TRAVEL // ROAD TRIP: Vintage National Park: Grand Canyon

National parks are the ubiquitous American summer vacation, and we hope that’s a tradition that never changes. In Ken Burns’ documentary The National Parks: America’s Best Idea, the title conveys exactly the point. The national park is truly one of America’s best inventions.

Online archives like LIFE and National Geographic have brilliant troves of vintage national park photos, from WPA-era posters to some of the first shots captured in these parks. We’re fascinated with these glimpses into great big swaths of our country allowed to go (relatively) untamed. The grandeur and history of some of these parks have been a huge inspiration for Son of a Sailor’s LAND collection.

Now that summer wanderlust is kicking in, we’re doing a series on some of our favorite national park photos, ranging from the more kitschy to the more historical. First up, the Grand Canyon!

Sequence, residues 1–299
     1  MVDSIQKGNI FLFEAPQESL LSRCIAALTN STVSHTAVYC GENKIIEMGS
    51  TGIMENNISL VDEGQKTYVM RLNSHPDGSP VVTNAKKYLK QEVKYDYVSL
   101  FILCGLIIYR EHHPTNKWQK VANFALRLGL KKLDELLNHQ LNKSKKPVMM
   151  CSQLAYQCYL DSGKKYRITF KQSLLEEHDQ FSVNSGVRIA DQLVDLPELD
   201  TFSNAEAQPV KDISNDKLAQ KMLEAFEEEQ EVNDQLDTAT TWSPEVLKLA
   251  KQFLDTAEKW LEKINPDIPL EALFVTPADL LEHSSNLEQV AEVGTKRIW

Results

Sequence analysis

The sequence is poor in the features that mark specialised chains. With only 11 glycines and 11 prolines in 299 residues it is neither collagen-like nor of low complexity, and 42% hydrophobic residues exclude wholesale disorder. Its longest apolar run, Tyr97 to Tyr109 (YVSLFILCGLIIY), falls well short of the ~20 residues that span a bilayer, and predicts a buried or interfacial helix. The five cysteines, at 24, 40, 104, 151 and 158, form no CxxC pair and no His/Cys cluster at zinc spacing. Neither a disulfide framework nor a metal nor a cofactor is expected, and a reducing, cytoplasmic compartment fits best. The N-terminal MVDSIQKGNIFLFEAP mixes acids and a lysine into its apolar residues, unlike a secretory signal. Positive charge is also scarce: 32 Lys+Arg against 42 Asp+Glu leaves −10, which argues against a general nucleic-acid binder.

The Grand Canyon area became a national park in 1919 after Woodrow Wilson signed into law an Act of Congress. Where did the self-evident name come from? One-armed war veteran John Wesley Powell, who charted the Colorado River’s course in 1891 and 1892 in a wooden boat.

Parking at the Grande Canyon, 1914
Theodore Roosevelt said it best when declaring the Grand Canyon area a monument in 1908: “Let this great wonder of nature remain as it now is. You cannot improve on it. But what you can do is keep it for your children, your children’s children, and all who come after you.” (via LIFE)

Kitschy finds:
Alternate Histories // Extraterrestrial tourism in the Grand Canyon
Ebay // Flintstones at the Grand Canyon patch

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